John Browne (King's Gunfounder)

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John Browne
Died1651
NationalityEnglish
OccupationGunfounder
Known forGunfounder to Charles I
Spouse(s)Martha

John Browne was an English merchant, the first holder of the post of King's Gunfounder, which was created in 1615. He was heavily involved in the Wealden iron industry, having control of six furnaces in Surrey and Sussex, two in the Forest of Dean as well as his own furnace between Brenchley and Horsmonden.[1]

Biography[edit]

During the reign of Charles I, he sold a great number of guns to the former United Provinces, the King being a partner in this traffic.

Browne also held a patent which gave him a monopoly on the casting of pots, pans and firebacks.[1]

John Browne developed a type of cannon known as "The Drake" in the 1620s. This cannon was much lighter than previous cannons firing a similar weight of shot, thus enabling ships to be more heavily armed. One such cannon made by Browne was recovered from the wreck of HMS Swan, a 200 long tons (200 t) Cromwellian warship lost in a storm off the Isle of Mull in 1653 whilst attacking Duart Castle. This cannon weighed 3cwt, 2qtrs, 23 lbs (415 pounds (188 kg)) and had a 3½" (89mm) muzzle. It fired shot weighing 4 pounds (1.81 kg). HMS Swan was the last ship built for Charles I; its guns were all cast in iron. A larger ship, HMS Sovereign of the Seas had 92 Drakes, cast in bronze, as well as 10 non-Drakes, also cast in bronze.[2][3][4]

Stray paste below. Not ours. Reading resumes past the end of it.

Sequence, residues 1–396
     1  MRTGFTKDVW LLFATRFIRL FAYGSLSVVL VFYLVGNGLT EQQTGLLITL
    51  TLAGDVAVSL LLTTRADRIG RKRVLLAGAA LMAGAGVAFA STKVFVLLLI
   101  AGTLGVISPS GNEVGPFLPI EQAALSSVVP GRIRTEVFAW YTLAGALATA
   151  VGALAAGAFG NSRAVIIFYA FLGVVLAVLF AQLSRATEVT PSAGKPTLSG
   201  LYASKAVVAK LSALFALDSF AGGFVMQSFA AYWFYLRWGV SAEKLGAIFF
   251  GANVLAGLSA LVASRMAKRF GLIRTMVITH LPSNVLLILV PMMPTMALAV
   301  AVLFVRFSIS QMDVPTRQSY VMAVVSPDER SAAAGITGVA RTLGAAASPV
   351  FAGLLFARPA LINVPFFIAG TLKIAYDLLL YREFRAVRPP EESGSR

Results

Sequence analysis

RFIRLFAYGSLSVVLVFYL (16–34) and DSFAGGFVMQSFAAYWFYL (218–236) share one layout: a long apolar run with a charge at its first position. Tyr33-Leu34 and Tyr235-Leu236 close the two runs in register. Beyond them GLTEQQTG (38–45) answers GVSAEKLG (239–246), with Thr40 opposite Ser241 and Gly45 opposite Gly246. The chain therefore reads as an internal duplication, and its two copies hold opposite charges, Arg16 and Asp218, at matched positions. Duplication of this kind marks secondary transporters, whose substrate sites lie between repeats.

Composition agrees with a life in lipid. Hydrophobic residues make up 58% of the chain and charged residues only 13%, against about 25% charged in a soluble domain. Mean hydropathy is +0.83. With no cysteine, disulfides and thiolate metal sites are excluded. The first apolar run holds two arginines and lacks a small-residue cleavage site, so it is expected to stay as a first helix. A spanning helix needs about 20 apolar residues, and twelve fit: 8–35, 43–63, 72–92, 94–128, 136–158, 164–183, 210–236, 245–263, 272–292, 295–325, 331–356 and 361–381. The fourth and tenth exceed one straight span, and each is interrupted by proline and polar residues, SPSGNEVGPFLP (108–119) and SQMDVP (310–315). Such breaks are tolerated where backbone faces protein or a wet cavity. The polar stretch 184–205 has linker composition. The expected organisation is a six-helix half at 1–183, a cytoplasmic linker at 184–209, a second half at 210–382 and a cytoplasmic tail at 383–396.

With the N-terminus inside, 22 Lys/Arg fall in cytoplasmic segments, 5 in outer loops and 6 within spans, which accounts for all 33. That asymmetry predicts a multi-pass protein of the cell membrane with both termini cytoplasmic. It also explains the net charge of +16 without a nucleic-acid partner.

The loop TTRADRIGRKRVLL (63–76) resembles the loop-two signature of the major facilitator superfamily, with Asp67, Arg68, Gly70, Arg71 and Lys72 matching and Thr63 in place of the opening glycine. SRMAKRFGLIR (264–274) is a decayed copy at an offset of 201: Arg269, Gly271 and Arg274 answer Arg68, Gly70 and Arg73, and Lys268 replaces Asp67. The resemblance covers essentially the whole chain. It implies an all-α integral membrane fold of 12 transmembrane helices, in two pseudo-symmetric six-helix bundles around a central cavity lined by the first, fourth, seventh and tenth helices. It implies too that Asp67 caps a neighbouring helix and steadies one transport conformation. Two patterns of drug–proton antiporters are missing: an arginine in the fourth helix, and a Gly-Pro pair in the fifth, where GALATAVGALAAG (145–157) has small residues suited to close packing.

In 1642, John Browne was ordered by Parliament to deliver a list of "grenadoes" being held at the Stillyard, and he was not to deliver them except with the Order of the House. In 1645, John Browne and his son were ordered by Parliament to be taken into safe custody, and no visitor was allowed to be alone with either of them, because he was suspected of supporting the Royalist cause. Browne appears to have been released in December 1645. John Browne died in 1651. In 1677, another John Browne built a boring mill at Birchden Forge, Rotherfield.[5][6][7]

Browne's wife Martha is commemorated by a cast iron graveslab in St Margaret's Church, Horsmonden.[8]

References[edit]

  1. ^ a b Kentish Fire, Chapter 6
  2. ^ Cyber Diver News Network Archived 2008-07-05 at the Wayback Machine
  3. ^ Goliath
  4. ^ The Guardian
  5. ^ Journal of the House of Commons (1642).
  6. ^ Journal of the House of Commons (1645).
  7. ^ Ferrers
  8. ^ "KENT". Hammerpond. Retrieved 11 January 2010.

Sources[edit]

  • F C Clark (1947). Kentish Fire. Rye, Sussex: Adams & Son.

External links[edit]